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Another Fishing Trip

by Marian Wilson, RN

Egret, by Michael Cox
Egret
by Michael Cox

Ray came to my unit, a man of the mountains who liked hunting and Harleys. When he was diagnosed with leukemia, he was angry and impossible to please. Never mind that I had chemotherapy to give, nursing assessments to do, and charting to complete, he just wanted me to fetch a decent cup of coffee.

"What are you trying to do? Kill me?" he'd yell, after taking a sip that was always too strong or too weak.

Ray knew little of medicine. With every dose he'd ask suspiciously, "What is this crap?" He'd eye the pill cup in my hand, curse, and say, "I'm not taking it." He'd compare my explanations with what other nurses said, trying to catch any inconsistencies. Hostile insults didn't make Ray very popular. Some staff members avoided being assigned to his case.

Weeks of chemotherapy kept Ray confined to his room. There, sheltered from infections, he showed signs of mellowing. He confided that he had not gone far in school and was embarrassed by poor reading skills. When I'd explain a new medication, he eked out respect saying, "I guess you girls know what you're doing." Over time, I could joke with him, often about his excessive coffee intake, and he stopped questioning every detail of his treatment.

As he suffered through side effects of nausea and fevers, Ray's dream was to be well enough to venture to the river. A new fishing pole hung in a corner of his hospital room. We snapped a picture as he practiced casting in the halls.

Soon after the pole arrived, Ray started consolidation therapy. His disease was in remission. The doctor explained that for long-term survival he would need to go through more high doses of chemo. Like most patients, this was a hard concept for Ray to grasp. He was feeling well. Why should he endure more treatments? His doctor told him that although there were no signs of leukemia lurking in his bone marrow, it could still return. Aggressive treatment now meant better odds for a cure.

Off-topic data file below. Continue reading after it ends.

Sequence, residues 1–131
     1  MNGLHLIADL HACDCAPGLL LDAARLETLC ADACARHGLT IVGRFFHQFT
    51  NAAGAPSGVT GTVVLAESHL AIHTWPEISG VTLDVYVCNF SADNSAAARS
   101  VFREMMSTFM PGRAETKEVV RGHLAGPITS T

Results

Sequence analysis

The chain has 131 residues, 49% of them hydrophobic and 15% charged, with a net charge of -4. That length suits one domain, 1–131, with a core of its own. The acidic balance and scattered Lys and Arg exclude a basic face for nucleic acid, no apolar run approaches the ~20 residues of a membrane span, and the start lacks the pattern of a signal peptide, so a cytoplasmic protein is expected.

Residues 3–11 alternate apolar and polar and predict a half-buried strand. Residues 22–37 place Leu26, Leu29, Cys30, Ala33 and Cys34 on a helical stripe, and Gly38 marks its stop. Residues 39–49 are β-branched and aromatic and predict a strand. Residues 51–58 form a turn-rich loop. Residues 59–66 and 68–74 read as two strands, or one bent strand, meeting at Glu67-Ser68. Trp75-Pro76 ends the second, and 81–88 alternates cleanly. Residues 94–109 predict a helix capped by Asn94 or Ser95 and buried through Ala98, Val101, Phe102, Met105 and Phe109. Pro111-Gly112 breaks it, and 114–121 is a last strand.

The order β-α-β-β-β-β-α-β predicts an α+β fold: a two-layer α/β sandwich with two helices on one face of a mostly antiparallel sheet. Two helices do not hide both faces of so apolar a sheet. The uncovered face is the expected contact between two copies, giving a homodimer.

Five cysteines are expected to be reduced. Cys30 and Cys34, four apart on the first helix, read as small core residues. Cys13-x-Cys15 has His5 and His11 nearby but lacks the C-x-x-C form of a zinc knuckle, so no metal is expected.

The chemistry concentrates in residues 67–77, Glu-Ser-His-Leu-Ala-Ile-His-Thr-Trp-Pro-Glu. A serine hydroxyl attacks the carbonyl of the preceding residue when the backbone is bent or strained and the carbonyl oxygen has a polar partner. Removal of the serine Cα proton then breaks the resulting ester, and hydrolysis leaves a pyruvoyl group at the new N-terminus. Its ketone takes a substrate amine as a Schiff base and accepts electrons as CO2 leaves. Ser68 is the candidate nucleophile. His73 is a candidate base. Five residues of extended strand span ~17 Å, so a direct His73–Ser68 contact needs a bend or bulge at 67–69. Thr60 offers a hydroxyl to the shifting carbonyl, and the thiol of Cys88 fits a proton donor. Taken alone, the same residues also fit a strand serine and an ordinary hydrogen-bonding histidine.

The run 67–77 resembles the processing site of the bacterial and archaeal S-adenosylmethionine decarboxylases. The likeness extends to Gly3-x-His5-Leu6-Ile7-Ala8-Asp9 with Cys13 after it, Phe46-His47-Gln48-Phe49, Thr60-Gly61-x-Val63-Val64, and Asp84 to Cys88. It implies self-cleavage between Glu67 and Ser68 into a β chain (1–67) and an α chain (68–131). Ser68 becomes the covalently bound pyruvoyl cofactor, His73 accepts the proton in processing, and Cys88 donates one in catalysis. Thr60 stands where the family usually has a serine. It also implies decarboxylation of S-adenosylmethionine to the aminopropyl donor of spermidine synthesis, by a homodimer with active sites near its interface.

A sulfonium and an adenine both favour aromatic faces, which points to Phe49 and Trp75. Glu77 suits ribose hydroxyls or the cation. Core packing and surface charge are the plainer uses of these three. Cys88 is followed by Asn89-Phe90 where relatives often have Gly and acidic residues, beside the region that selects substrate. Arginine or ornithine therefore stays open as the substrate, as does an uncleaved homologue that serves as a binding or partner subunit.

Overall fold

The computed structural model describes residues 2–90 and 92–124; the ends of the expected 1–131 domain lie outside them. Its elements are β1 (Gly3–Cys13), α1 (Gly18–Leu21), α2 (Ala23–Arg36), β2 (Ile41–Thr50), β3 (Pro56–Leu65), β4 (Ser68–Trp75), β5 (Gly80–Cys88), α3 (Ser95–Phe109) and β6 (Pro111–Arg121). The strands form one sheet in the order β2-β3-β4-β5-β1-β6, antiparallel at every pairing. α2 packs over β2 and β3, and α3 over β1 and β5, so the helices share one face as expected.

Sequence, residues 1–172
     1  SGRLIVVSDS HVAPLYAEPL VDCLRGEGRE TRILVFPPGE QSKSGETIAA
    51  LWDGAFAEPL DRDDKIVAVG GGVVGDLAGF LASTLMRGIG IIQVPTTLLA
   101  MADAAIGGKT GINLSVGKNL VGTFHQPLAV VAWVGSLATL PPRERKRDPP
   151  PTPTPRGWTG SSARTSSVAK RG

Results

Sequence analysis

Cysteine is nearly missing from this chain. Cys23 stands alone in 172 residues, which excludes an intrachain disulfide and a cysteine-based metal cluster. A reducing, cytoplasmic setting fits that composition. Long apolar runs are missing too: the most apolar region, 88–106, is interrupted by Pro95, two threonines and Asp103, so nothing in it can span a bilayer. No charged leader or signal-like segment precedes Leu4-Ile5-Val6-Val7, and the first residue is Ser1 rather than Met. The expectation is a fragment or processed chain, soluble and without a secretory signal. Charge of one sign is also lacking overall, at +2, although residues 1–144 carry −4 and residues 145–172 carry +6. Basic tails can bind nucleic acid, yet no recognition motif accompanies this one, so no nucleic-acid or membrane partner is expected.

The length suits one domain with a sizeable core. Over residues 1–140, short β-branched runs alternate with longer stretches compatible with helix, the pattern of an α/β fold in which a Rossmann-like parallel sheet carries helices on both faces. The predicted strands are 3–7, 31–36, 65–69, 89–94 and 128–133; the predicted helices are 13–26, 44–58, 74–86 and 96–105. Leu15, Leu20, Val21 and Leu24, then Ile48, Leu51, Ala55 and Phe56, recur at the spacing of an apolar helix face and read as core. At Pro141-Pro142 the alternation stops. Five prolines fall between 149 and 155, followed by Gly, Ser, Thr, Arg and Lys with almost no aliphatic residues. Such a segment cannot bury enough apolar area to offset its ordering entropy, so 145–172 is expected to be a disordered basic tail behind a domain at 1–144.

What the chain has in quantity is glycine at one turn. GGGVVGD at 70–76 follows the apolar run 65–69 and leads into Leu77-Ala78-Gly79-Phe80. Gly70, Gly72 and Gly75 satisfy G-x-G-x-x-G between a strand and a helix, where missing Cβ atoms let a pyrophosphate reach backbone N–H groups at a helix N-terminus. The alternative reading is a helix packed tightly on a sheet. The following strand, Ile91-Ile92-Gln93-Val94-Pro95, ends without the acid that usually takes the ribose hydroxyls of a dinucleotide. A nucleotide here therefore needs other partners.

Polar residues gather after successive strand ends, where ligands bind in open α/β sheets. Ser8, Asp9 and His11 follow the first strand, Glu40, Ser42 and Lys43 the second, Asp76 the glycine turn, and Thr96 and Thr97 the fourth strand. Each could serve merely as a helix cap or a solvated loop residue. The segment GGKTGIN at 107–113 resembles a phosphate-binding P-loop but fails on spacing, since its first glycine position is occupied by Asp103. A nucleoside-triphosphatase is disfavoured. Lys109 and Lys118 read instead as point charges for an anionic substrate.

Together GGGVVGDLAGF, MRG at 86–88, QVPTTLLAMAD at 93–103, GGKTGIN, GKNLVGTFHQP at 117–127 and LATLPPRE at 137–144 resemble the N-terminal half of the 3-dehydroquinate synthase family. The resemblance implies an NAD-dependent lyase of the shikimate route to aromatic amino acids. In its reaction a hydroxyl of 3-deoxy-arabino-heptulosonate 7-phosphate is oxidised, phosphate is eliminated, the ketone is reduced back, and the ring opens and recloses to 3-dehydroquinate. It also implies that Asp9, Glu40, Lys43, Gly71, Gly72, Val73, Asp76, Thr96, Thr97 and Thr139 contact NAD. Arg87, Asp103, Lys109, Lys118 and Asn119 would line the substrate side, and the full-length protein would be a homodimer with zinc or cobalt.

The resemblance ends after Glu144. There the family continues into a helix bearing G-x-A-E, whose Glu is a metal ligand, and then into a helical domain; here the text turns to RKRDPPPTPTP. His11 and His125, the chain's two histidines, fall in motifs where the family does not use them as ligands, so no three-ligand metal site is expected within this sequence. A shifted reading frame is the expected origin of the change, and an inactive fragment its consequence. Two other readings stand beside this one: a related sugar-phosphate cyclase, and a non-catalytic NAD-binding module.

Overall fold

After deciding to go through with the therapy, Ray asked more than once, "Do you think I'm gonna make it? Or is this chemo gonna get me?"

"You're a tough guy, Ray," I said. "You got through this once, you'll do it again." After all, Ray's muscle shirts revealed tattooed, solid arms. Since his first admission, his appearance had changed from long, stringy hair and shaggy beard, to a neat crew cut. He looked strong. Despite reassurances, Ray knew the risks and prepared for the worst.

He spoke of his daughter more and worked on mending their rocky relationship. His ex-wife was often at his side. He held her hand on their walks down the hallway, always stopping to talk at the nurses' desk. I noticed a kinder Ray, saying "please" and "thank you" and "I hate to bother you girls."

The fever came on suddenly. Ray's body had no white cells to fight the invasion, thanks to the chemo's effects. Before we knew it, Ray was shipped to the intensive care unit. In septic shock, he lingered. The people who loved him, including now some of the nursing staff, cried over his swollen, purple body. A few days later, he died.

My co-workers talked about how sad it was. Some agonized over the role they played, sending the deadly chemo into Ray's body. Still, when I'd pass that picture of him smiling with his fishing pole, now taped to our walls, I felt his joy.

When I remember Ray, I don't think of him bloated with steroids and fighting for his life. I don't think of his complaints about the coffee and the food. Behind a mask of profanity and anger sprang a true, sweet spirit, just waiting to be known. So when I think of Ray, I see the transformation possible in each of us.

Marian Wilson, RN Is a registered nurse living in Idaho with articles, essays, and poetry published in several magazines and e-zines, including L'Intrigue, RN, and Potpourri. She is a columnist for the Spokesman-Review newspaper, focusing on health topics. You can reach her at pobdjw@nidlink.com.

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